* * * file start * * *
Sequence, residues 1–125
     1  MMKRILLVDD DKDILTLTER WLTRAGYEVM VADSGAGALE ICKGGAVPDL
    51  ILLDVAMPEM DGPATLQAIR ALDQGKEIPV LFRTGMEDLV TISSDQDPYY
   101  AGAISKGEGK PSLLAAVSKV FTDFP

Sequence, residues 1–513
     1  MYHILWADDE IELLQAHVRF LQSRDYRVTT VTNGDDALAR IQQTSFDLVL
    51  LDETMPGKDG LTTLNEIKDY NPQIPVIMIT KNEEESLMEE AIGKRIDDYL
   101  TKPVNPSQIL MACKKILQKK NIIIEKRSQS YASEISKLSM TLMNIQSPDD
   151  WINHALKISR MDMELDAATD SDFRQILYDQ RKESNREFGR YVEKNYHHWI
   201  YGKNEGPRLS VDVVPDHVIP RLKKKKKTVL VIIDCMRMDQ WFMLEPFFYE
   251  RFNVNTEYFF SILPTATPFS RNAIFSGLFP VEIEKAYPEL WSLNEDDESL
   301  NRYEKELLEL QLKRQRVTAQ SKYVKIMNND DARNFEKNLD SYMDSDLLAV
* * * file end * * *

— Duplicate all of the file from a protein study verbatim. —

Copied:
Sequence, residues 1–125
     1  MMKRILLVDD DKDILTLTER WLTRAGYEVM VADSGAGALE ICKGGAVPDL
    51  ILLDVAMPEM DGPATLQAIR ALDQGKEIPV LFRTGMEDLV TISSDQDPYY
   101  AGAISKGEGK PSLLAAVSKV FTDFP

Sequence, residues 1–513
     1  MYHILWADDE IELLQAHVRF LQSRDYRVTT VTNGDDALAR IQQTSFDLVL
    51  LDETMPGKDG LTTLNEIKDY NPQIPVIMIT KNEEESLMEE AIGKRIDDYL
   101  TKPVNPSQIL MACKKILQKK NIIIEKRSQS YASEISKLSM TLMNIQSPDD
   151  WINHALKISR MDMELDAATD SDFRQILYDQ RKESNREFGR YVEKNYHHWI
   201  YGKNEGPRLS VDVVPDHVIP RLKKKKKTVL VIIDCMRMDQ WFMLEPFFYE
   251  RFNVNTEYFF SILPTATPFS RNAIFSGLFP VEIEKAYPEL WSLNEDDESL
   301  NRYEKELLEL QLKRQRVTAQ SKYVKIMNND DARNFEKNLD SYMDSDLLAV